The remains of a 32-year-old woman found in southwest Columbus was ruled as a homicide by the coroner. Police identified the woman as Allyson Lorenz, and no charges for her death have been filed. According to ABC6, the Franklin County Sheriff’s Department were the ones who discovered her remains while SWAT was executing a search warrant for narcotics at Bashan Drive in one of the condos.
Neighbors in the area told police that the condo where her body was found is a known drug house in the area. The house is located on the 1800 block of Bashan Drive. According to them, people were in the condo all day and night, and Lorenz owned the condo while also having a Defiance address. A 911 call told police that she was always there doing drugs and that the police had shown up multiple times prior due to commotion.
“There’s a lot of commotion, there’s a lot of fighting that you hear from the house. So, it’s been a lot of, it’s been a lot of concern for the neighbors because of that reason,” Moe Jallaq said.
Police wouldn’t comment on how long her body parts were believed to be in the condo. According to sources, they were found wrapped in black plastic bags with not much visible blood, meaning that someone may have cleaned them. Her body parts were the only ones discovered in the home. Anyone who thinks they have any information on what may have happened are being asked to call 614-645-4730. ABC6 and other local news stations are continuing to follow the story and will report if any more news is made on the case.
When police arrived on the scene, multiple people were inside the condo including ex-con Eric Ward. According to The Sussi Report, Ward has a violent criminal history including domestic violence. Ward was arrested and charged with domestic violence and drug possession and is currently being held at the Franklin County Jail. A woman who knew both Lorenz and Ward told The Sussi Report that she had heard Ward had almost beaten Lorenz to death one time.
Because the crime scene was considered complex by police, the division called in investigators from Ohio BCI which has experience with these kinds of cases and has the hazardous material clothing to deal with drugs. It wasn’t confirmed which kinds of drugs were found on the scene.
Defiance County Common Pleas Court records show that Lorenz was convicted of trafficking heroin in 2013, and was sentenced to a short prison term in 2015 following a community control violation. The home that she was living in is located west of Interstate 270, near the suburb of Grove City.
This is the 166th homicide in Columbus in 2021. 2021 is considered the second deadliest year for the city of Columbus. In addition to homicides, felonies are also up. According to Robert Strausbaugh, the Columbus Police Command the homicide number would be higher if not for the Columbus Division of Fire and local hospitals.
“The majority is out of disturbances. Someone getting into a disagreement, no one fights anymore. The quick response is ‘I’m going to pull a pistol out and I’m going to shoot you,’” Stausbaugh said.
Homicides in general have had a rise in other large cities like Chicago as well. However, the national average in the U.S is down from what it was in previous years. Officials have said that there isn’t a clear reason for why homicides have been so high in big cities.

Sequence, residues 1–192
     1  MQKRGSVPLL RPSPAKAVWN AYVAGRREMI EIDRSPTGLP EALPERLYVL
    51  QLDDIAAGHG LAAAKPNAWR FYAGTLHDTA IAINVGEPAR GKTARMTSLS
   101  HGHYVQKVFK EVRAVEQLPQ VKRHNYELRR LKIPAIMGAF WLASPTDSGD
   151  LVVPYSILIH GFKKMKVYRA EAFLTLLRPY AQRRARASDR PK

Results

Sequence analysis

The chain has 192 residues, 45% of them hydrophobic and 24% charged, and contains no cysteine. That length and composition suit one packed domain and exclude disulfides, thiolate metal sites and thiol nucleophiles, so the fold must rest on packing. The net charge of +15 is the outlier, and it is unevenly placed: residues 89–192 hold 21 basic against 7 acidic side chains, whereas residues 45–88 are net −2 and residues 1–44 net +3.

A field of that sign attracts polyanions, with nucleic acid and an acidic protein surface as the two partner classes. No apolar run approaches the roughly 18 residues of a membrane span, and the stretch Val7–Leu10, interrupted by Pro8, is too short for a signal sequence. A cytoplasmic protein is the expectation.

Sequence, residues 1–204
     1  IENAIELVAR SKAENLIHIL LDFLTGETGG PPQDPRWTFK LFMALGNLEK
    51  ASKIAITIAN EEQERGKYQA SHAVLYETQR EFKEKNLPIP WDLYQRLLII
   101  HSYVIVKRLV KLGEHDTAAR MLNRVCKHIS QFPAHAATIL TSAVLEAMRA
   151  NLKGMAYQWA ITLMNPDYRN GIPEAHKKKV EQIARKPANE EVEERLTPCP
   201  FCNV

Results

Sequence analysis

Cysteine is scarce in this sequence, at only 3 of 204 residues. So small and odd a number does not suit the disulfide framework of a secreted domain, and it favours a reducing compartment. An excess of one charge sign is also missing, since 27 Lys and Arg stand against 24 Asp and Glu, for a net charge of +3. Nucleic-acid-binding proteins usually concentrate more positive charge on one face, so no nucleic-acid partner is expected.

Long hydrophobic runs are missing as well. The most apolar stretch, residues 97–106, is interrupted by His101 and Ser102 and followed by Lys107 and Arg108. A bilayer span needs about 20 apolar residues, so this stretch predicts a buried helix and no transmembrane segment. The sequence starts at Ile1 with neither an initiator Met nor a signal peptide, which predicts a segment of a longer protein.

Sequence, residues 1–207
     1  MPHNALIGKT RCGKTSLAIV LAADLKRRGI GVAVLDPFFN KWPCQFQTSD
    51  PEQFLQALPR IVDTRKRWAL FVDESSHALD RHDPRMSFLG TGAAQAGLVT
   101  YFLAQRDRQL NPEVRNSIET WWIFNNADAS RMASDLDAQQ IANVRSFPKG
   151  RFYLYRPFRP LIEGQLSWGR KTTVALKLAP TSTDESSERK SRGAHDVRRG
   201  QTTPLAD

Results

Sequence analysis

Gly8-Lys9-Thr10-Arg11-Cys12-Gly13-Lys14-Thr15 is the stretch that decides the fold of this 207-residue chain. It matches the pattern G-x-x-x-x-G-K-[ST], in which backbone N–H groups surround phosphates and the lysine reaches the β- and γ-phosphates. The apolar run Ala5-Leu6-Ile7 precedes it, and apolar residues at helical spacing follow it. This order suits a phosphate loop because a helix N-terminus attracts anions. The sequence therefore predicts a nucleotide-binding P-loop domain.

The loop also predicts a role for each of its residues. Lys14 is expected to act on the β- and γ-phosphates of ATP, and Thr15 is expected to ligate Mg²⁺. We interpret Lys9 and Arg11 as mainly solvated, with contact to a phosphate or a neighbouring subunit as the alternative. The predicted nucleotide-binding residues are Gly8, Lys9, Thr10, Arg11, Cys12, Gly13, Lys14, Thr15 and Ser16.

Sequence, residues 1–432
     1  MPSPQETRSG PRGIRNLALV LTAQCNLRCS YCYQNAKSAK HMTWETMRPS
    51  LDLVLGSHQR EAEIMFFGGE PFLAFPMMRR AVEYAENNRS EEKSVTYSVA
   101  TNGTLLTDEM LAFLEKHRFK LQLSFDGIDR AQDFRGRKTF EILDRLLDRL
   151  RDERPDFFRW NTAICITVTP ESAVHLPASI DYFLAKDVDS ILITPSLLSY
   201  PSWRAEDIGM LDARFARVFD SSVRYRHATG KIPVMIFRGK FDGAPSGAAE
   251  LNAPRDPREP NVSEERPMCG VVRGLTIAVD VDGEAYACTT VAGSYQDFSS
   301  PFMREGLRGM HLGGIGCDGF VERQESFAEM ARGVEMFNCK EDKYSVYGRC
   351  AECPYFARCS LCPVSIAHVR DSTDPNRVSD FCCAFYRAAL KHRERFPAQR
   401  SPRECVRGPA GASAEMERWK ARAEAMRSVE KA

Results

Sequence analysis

“There’s no definitive answer to why we’re seeing the uptick in cities,” Darrel Stephens, executive director of the Major Cities Police Chiefs Association, said. “Even with the uptick, it’s well below what it was in the 1990s in America.”
Some believe that the opioid epidemic and cut-downs in law enforcement agencies are reasons. Many minority communities are also believed to handle things themselves instead of reporting crimes to the police because of low trust in the law system. This could be a reason for homicides like Lorenz’s situation, considering that drugs were involved meaning she would likely be against going to the police.
In Chicago the number of arrests have gone down while the number of homicides have increased, but this is said to not be the same case in Columbus. According to police, arrests haven’t gone down in Columbus, and police are still out patrolling like usual. Police believe that turf wars involving drugs are one of the main reasons for the increase in homicides.
“These are not disputes that can be settled by the Better Business Bureau,” Richard Rosenfeld, a professor of criminal justice at the University of Missouri St. Louis, said. “They are often settled by violence.
Police around the area have been investigating lots of drug-related homicides. Indianapolis has also had a high amount of homicides, and police in that area also believe that drugs are the main reason why. Rosenfeld believes that one way to reduce homicides would be to reduce the demand for drugs by offering more treatment for drug addiction. Oregon decriminalized drugs in the state and made access to addiction resources more available. By doing so in other states, we may see a decrease in drug-related homicides. Poverty is also considered a big reason for homicides, so by providing resources to try and lessen poverty in large cities, we may see a decrease in homicides in general in these areas. Still, nobody is 100% for what causes these high homicide rates, so there may be more reasons involved.
Lorenz’s death was a tragic incident that is sadly not uncommon in the city of Columbus and other large cities. By doing more to try and lessen the demand for drugs, providing accessible resources for those with drug addictions, and trying more to help decrease poverty, we may see less incidents like this occurring in Columbus and other areas. Her killer still has yet to be found, so don’t be afraid to contact police if you have any tips for who may have been involved.